Ai Weiwei: Good Fences Make Good Neighbors
Unlikely that you have not come across internationally renowned activist and artist Ai Weiwei and his commentary on the status quo in some shape or form.
His exhibition Good Fences Make Good Neighbors, is a telling name as it is musing on the global refugee crisis by the man himself having transformed over three hundred sites across NYC to comprise a transcending large-scale statement par excellence.
This tome sheds light on the extraordinary project from inception to final installation, highlighting not only the implementation but also the in-depth attention to detail when it came to the preparation, the research and everything else that served as the foundation.
By doing so, the book becomes part of the art itself and adds another dimension, which is further enhanced by an interview with Weiwei, during which he elaborates on the significance the project holds for himself as well as essays from art critics, journalists, scientists and others, who muse on their own interactions with the project and give testament to the emotionally engaging and politically relevant nature of it.
I have not had the pleasure of experiencing the project in the third dimension, however, this tomes does a great job in conveying the concept, the negative impact of globalisation and the shift in the political landscape that made fences, the arbitrariness and often imaginary character of borders and demarcation lines and their impact on us all more relevant than ever.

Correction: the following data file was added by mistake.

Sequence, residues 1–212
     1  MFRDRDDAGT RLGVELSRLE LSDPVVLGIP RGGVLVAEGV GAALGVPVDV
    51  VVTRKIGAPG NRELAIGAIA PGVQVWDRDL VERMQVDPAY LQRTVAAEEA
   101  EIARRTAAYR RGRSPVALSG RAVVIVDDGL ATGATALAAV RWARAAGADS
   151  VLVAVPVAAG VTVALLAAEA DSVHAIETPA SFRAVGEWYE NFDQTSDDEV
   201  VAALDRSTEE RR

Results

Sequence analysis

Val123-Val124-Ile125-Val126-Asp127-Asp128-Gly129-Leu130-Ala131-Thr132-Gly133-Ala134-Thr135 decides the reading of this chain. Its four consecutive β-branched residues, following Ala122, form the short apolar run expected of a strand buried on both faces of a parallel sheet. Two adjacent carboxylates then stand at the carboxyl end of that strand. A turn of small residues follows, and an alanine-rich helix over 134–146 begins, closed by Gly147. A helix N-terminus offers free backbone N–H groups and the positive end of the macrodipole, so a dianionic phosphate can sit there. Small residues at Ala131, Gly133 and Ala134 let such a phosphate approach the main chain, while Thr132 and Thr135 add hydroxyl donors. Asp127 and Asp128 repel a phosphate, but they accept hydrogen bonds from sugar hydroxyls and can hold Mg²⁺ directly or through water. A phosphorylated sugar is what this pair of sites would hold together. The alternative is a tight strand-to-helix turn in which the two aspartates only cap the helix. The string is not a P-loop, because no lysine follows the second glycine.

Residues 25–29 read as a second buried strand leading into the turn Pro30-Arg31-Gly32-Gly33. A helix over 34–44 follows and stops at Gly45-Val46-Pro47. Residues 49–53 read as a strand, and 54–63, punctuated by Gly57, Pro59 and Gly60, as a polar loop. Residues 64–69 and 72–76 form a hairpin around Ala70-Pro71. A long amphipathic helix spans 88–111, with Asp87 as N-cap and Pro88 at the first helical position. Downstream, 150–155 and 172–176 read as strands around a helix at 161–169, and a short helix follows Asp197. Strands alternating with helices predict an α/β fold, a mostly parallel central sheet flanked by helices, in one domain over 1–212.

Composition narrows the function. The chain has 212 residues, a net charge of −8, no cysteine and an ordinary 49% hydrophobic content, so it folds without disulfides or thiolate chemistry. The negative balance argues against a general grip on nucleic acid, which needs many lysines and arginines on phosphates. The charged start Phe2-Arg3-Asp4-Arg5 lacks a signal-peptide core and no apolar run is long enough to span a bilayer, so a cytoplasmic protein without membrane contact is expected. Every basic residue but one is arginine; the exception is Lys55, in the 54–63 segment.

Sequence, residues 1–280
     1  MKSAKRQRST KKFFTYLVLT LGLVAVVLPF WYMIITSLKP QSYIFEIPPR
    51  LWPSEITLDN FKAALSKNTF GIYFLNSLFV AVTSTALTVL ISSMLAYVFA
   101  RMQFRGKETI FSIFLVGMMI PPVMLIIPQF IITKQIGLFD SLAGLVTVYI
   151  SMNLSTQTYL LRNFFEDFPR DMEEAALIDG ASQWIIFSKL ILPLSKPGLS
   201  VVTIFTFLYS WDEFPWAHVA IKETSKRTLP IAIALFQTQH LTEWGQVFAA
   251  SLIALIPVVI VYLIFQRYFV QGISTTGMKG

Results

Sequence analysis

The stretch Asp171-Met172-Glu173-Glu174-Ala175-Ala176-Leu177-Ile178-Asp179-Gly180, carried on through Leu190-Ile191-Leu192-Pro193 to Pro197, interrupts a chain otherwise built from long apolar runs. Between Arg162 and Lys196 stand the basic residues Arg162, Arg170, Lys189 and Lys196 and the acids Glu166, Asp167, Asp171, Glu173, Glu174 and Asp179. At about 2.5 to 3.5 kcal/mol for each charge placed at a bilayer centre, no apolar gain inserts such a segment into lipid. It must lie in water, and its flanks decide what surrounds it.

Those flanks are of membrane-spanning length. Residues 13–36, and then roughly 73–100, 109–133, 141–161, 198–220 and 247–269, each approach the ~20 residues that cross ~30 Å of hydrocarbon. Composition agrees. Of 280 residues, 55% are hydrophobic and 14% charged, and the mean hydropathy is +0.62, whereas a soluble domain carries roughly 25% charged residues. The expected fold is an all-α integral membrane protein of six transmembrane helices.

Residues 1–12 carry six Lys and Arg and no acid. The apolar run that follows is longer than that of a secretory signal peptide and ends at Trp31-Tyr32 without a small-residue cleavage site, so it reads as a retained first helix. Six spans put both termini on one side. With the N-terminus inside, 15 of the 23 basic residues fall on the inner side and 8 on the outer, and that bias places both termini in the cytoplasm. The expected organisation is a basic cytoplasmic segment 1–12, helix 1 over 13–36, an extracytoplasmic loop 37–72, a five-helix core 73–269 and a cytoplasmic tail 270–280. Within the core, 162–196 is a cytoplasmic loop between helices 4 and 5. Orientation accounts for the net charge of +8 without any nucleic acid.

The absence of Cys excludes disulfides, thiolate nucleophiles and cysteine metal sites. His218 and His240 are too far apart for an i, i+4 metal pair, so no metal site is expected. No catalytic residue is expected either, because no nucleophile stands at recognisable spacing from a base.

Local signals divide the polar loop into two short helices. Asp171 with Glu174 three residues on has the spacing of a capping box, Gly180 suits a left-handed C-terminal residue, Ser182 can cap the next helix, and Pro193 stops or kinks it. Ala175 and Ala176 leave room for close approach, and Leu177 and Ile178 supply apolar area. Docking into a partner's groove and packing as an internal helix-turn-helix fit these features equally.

What I found intriguing is how Weiwei not only points out the obvious, but also plays with nuances, e.g. the longing resulting from the mere knowledge of what lies on the other side of a fence without the slightest chance to ever get there – be it the fences that keep minorities confined or the walls others have built to exclude the less fortunate.
The takeaway of Weiwei’s work is that the crisis derived from immigration is not merely limited to regions but global and one that weights on humanity at large, including the manifold causes for it, be it environmental problems, famine or the fallout of politics – but also what it means for labour and taxes and thereby for globalisation.
A book that begs the question, what we as individuals can do about it.
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